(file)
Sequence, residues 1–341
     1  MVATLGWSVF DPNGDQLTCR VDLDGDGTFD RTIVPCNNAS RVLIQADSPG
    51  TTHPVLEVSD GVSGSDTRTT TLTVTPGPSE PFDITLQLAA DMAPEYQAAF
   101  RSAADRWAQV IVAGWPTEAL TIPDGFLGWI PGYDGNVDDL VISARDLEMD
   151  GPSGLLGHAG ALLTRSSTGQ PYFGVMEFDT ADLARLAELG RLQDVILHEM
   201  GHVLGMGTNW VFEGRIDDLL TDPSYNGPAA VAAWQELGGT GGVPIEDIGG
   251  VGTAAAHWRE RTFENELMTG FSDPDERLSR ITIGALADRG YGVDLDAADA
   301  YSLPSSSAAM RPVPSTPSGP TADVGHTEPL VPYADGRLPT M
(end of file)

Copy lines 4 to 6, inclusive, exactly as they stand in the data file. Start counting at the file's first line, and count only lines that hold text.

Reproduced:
   101  RSAADRWAQV IVAGWPTEAL TIPDGFLGWI PGYDGNVDDL VISARDLEMD
   151  GPSGLLGHAG ALLTRSSTGQ PYFGVMEFDT ADLARLAELG RLQDVILHEM
   201  GHVLGMGTNW VFEGRIDDLL TDPSYNGPAA VAAWQELGGT GGVPIEDIGG